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The past few years have been a really tough time to be an investor. Markets have experienced more ups and downs than the average rollercoaster, and the value of many asset classes, such as commercial property, have plummeted while traditionally boring investments, such as Government gilts and forestry have put on a better performance. The feedback many investors have provided to us at Greenwoods is that it's dangerous to underestimate the risks of some investments.

The old adage, "You should have a bit of everything” is unfashionable in boom times, but it's only during a recession that people really feel the value of this approach.

Many experts were shocked at how far and fast the markets went down - it was a real wake-up call. It wasn't just the sharp falls seen in the stock market last year that hurt investors - many were also caught out by the rally early in 2009 simply because they weren't in the market. It just highlights the fact that only a small minority can time the markets - and trying to is a risky business.

A more measured approach to investments seems to be the main lesson that many people have taken away from the credit crunch. This means less chasing after yield and more focus on long-term returns. . Investors are now embracing the basic principal of diversification too.

Naturally, the promise of high returns will always appeal, but perhaps its time to remember that the bigger the reward, the greater the risk..


The United Nations Economic Commission recently produced its “Annual Forest Products Market Review for 2008-2009”.

This 188 page document provides statistical data on global forestry markets and related policies. So not exactly a light read. Having waded through the document, the conclusions drawn were made crystal clear.

- “The quest for renewable energy sources, in the light of recognition of the dangers of climate change, with the drive for energy security, is producing a STRUCTURAL CHANGE within the forestry sector. Driven by government policies, despite the economic crisis in 2008-2009, wood energy markets remained BUOYANT.

- “The wood energy sector seems to have been IMMUNE to the global economic recession”.

- “Demand for alternative fuels, including WOOD BIOMASS, continues to GROW STEADILY”.


Every day the world is becoming greener. Businesses, consumers, governments are changing their behaviour.

As we drink our sustainably-grown coffee from our recycled paper cups, we constantly read news about biofuels, hybrid vehicles, global warming etc. So it’s no surprise that, despite the general downturn of the global markets over recent times, the Environmental Opportunities All-Share Indexes have outperformed their counterparts.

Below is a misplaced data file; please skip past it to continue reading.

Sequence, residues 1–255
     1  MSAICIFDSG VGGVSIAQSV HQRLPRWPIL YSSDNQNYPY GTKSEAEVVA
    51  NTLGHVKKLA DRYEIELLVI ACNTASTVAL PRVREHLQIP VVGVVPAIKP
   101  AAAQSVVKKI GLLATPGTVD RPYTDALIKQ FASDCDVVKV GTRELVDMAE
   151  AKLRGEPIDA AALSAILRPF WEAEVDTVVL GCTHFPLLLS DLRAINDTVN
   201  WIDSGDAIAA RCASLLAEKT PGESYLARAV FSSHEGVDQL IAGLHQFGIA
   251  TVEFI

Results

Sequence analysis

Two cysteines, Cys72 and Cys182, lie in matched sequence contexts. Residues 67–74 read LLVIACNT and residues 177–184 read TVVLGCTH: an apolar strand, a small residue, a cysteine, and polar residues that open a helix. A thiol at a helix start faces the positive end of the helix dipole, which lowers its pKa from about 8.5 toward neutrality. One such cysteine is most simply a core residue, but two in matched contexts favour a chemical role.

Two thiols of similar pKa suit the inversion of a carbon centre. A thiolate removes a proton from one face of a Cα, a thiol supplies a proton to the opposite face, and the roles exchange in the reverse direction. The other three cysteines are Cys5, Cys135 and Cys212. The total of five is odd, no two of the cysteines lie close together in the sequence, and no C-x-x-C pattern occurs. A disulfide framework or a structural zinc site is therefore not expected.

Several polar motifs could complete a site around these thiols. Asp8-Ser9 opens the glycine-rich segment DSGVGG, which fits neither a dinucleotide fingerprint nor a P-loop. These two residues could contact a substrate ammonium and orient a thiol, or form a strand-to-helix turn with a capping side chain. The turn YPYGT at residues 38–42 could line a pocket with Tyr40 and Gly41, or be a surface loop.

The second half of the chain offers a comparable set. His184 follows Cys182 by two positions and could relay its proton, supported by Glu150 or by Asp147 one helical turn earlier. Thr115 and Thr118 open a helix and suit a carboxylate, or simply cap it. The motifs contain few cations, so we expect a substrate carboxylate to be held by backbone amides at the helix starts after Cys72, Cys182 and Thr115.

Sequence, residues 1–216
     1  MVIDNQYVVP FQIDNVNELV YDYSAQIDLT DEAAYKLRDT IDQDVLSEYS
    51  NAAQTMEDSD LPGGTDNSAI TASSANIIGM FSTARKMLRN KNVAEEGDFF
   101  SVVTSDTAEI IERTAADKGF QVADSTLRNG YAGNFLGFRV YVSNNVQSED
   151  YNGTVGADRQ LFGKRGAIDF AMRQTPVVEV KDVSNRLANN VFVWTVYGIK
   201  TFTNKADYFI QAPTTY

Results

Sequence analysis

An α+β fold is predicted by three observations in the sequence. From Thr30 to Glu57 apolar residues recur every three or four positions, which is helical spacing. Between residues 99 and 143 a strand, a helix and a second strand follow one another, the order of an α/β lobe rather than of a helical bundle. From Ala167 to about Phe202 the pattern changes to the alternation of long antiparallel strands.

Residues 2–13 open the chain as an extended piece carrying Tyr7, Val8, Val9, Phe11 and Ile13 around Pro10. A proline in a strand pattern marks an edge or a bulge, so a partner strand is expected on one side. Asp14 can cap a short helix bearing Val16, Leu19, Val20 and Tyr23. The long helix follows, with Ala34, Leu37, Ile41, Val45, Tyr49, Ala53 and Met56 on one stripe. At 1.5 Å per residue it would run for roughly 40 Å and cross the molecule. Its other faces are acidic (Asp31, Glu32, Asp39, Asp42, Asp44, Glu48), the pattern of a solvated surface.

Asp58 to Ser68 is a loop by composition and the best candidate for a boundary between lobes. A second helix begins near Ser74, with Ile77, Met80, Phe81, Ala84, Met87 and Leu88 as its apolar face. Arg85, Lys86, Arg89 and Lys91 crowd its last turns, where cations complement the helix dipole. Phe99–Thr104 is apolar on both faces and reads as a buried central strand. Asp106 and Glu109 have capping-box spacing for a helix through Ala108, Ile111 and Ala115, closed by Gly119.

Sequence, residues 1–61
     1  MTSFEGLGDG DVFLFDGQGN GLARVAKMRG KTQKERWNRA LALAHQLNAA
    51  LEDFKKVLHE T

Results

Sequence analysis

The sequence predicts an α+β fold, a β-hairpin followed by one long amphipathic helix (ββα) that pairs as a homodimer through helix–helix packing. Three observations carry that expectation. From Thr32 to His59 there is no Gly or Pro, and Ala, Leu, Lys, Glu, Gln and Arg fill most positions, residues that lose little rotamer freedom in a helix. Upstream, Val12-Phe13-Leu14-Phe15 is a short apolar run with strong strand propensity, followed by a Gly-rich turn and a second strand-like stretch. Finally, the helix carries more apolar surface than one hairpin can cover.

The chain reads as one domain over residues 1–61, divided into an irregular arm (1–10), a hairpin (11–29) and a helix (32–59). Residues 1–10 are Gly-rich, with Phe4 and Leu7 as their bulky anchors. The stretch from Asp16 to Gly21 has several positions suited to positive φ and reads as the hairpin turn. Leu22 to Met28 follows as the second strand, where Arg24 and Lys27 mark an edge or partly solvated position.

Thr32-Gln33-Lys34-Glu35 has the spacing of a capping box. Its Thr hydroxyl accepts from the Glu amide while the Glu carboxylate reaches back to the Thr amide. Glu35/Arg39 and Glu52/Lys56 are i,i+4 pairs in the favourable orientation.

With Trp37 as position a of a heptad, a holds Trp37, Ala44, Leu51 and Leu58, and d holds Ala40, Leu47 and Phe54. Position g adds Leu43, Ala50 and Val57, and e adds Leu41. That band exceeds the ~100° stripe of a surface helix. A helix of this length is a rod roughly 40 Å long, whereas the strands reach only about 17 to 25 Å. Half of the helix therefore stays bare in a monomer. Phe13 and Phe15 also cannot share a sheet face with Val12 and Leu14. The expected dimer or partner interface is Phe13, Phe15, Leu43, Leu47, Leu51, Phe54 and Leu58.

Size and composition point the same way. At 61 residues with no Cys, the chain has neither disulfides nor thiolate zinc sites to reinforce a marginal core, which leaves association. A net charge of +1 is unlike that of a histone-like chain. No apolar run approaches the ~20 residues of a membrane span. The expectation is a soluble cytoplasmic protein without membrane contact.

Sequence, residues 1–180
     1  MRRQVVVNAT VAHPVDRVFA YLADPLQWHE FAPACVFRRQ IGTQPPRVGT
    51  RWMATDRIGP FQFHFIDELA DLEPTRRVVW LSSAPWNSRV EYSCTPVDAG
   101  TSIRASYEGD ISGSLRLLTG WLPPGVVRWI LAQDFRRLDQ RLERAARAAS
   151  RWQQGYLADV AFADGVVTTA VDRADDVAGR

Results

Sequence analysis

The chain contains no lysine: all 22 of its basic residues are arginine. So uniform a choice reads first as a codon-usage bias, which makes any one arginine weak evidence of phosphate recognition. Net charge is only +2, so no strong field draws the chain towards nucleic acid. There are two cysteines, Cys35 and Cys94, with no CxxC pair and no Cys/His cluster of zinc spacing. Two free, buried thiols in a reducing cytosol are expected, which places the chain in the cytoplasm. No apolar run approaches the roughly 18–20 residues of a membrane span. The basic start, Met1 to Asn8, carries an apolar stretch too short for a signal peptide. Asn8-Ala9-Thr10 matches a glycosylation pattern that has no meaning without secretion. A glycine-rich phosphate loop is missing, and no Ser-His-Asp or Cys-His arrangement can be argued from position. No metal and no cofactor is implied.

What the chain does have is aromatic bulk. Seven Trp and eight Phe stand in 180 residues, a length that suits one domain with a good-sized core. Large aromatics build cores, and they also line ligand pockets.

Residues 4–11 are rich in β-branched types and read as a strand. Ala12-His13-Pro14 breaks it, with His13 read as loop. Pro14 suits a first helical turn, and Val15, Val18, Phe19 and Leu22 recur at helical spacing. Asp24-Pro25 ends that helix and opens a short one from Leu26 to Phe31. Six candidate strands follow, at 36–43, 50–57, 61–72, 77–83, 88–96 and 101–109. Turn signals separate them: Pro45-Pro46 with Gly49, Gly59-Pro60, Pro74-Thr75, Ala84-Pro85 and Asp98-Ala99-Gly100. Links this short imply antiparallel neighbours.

The Environmental Opportunities Index measures the performance of global companies that have significant involvement in environmental business activities, such renewable and alternative energy, water technology and pollution control. The Environmental asset class is out-performing almost all other sectors.

The world market for environmental goods and services are comparable in size to sectors such as pharmaceuticals or aerospace. “Green” is now an asset class in its own right. How green is your portfolio?


To Greenwash….. The act of misleading consumers with respect to the environmental practices of a company or the environmental benefits of their product. Consumers are increasingly demanding greener products for themselves, their families and the planet. They want sustainable products they can trust and easily access.

Examples of “Greenwashing”

- A claim that is so wide-ranging that its real meaning is deliberately worded to be misunderstood by the consumer. ‘All-natural’ is an example. Arsenic and cyanide are naturally occurring, and poisonous. ‘All natural’ doesn’t always mean ‘green’

- .Suggesting that a product is ‘green’ based on very flexible parameters, whilst actually paying no attention to other important environmental issues. Paper, for example, is not necessarily environmentally-preferable just because it comes from a sustainably-managed forest. There are many other important environmental issues in the process of paper-making, such as the bleaching ingredients. Chlorine would not be considered to be an environmentally desirable choice for example.

- An environmental statement that may be accurate but is unimportant or unhelpful for consumers looking for environmentally preferable products. ‘CFC-free’ is a common example, since it is a very common claim. The fact that CFCs are banned by law makes the claim totally superfluous.

- A claim that could well be true within the product category, but actually distracts the buyer from the greater environmental impacts of the category as a whole. Organic tobacco, fuel efficient sports utility vehicles would be fitting examples.

“Greenwashing” will lead to doubt and cynicism about all environmental claims and the global movement towards environmental sustainability will lose its momentum. Competitive pressure from bogus environmental claims will reduce market share from genuinely innovative, environmentally aware businesses. Green marketing offers huge commercial advantage but only when it is true and backed up by scientific fact. It is important that Green environmentally sound projects do not become devalued by exaggerated or false claims.